With the institution she leads, the University of Miami, in the midst of a football scandal that threatens to be among the worst in National Collegiate Athletic Association history, Donna E. Shalala might be forgiven for trying to change the conversation about Miami's sports program away from acknowledged rule breaking by current and former players, possible wrongdoing by university employees, and the potential imposition of the NCAA's "death penalty."
In the latest in a series of public statements she has made since the controversy broke several weeks ago, Shalala shifted the focus this week to the academic performance of Miami's athletes. In doing so, however, she engaged in some hyperbole about the institution’s standing and the company it keeps.
"Nationally, the academic achievements of our student athletes are mentioned in the same breath and spirit as Notre Dame and Stanford,” Shalala said in the video. “This is because we are first and foremost an academic institution."
Here's the problem: by the standard metrics used to gauge athletes’ academic performance -- graduation rates, eligibility and retention, and the majors athletes choose to study -- Miami does not approach the other two universities, which are often held out as models of institutions that have meshed academic excellence with high-octane athletics.
Miami’s 2010 federal graduation rate for all its scholarship athletes was 67 percent -- meaning that 67 percent of athletes who enrolled in the four years from 2000 to 2003 had earned their degrees within six years. While the federal rate counts students who transfer as non-graduates, the NCAA’s Graduation Success Rate – which the NCAA created to respond to institutions’ complaints about the federal rate – does not, so the latter is always more favorable. Miami’s 2010 GSR was 86 percent; the university points out that that is up from 77 percent in 2005, and that it since then has been consistently higher than the average Division I GSR.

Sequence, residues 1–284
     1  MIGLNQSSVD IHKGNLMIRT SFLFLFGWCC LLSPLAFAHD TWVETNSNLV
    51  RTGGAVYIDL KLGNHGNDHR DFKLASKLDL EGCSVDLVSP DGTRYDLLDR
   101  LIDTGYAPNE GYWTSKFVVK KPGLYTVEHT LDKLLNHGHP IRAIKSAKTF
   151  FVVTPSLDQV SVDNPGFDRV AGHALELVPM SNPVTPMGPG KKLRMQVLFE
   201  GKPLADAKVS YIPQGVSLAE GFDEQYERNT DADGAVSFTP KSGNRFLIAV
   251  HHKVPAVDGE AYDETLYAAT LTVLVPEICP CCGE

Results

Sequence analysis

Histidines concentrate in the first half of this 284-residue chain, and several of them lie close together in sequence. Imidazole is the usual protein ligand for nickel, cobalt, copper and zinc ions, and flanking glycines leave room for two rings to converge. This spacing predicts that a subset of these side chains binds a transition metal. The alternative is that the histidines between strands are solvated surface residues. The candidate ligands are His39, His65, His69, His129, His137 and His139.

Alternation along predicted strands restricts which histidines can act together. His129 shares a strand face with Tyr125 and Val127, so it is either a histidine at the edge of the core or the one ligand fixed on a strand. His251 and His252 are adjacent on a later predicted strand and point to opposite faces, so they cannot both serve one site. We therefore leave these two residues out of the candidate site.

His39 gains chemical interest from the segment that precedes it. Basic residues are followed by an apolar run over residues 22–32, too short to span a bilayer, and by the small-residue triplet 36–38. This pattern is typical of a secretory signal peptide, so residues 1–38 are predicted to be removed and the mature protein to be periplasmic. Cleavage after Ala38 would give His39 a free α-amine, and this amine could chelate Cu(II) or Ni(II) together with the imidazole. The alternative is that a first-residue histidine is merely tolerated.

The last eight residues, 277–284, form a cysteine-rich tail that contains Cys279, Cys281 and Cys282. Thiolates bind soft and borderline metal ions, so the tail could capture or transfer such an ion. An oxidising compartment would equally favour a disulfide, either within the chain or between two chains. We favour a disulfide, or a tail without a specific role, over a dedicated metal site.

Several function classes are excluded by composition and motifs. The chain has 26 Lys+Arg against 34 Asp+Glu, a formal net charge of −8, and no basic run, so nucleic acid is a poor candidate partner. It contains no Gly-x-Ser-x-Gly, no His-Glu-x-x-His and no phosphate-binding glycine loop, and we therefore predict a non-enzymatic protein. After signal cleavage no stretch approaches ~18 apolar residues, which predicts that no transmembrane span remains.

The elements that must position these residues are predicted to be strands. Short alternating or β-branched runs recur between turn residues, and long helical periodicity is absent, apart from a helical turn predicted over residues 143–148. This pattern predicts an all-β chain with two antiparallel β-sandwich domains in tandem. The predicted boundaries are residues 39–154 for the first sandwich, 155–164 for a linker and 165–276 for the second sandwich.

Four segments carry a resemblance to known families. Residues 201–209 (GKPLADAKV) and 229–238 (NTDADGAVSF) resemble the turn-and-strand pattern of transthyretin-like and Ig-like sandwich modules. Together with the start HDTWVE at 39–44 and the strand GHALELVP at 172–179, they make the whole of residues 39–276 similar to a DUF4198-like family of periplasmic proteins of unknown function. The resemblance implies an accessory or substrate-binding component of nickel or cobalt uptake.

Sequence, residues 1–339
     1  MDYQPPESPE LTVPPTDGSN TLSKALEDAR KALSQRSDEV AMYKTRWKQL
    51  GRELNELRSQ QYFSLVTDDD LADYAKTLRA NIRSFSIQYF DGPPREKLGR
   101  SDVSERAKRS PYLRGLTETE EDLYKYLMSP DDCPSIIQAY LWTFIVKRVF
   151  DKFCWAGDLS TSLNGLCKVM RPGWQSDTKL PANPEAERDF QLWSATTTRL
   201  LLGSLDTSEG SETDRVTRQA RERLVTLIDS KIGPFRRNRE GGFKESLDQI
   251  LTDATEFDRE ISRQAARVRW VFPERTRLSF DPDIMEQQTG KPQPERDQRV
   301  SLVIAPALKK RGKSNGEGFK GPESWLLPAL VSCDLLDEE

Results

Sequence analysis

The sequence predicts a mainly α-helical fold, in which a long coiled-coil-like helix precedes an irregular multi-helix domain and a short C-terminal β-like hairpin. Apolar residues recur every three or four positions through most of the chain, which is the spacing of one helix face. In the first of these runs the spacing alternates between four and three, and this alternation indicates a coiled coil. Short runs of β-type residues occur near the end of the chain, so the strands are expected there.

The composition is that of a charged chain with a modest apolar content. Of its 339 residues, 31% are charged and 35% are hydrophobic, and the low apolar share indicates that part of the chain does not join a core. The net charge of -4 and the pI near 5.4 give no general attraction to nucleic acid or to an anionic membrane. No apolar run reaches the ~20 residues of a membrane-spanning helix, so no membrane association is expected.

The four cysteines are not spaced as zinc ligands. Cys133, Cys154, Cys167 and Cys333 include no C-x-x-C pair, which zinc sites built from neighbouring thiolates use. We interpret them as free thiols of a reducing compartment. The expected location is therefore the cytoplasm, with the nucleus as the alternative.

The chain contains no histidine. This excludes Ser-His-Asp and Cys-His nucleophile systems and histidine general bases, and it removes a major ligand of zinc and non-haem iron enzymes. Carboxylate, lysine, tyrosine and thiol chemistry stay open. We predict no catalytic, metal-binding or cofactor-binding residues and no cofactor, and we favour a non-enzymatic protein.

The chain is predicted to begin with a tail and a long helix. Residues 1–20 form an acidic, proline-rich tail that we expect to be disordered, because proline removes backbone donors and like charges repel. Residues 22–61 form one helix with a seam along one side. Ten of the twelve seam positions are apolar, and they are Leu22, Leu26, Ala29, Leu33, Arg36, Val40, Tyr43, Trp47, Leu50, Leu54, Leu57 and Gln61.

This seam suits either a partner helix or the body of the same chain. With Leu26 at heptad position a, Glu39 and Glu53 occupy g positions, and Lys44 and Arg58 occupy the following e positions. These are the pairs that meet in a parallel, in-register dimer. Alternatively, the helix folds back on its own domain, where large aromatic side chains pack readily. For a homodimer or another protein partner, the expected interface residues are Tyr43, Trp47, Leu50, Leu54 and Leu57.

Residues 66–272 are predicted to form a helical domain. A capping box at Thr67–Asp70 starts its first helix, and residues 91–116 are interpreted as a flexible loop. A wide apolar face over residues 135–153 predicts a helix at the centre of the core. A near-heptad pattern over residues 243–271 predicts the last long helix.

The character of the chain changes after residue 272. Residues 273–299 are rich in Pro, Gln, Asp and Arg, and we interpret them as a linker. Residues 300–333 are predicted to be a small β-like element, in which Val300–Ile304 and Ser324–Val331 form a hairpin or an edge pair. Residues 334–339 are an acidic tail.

Yet neither of those numbers places Miami anywhere close to Stanford or Notre Dame, which in 2010 tied as the universities with the highest federal graduation rate for athletes -- both graduated 91 percent of their athletes over all. In the GSR, meanwhile, Notre Dame came in first with 99 percent of athletes graduating, and Stanford seventh with 94 percent. (Their football players and male athletes score higher as well: Notre Dame football players are fourth, with a federal rate of 85 percent, and Stanford comes in sixth with 82 percent. For male athletes generally, the two universities tie for first with 87 percent. Miami's rates are 64 and 56 percent, respectively.)
Other institutions that made the top 10 in the federal rate are similarly unsurprising: they include Duke, Northwestern, Penn State, Rice and Wake Forest Universities, and Boston College. The Universities of Virginia and Miami of Ohio tied for 10th, with rates of 77 percent.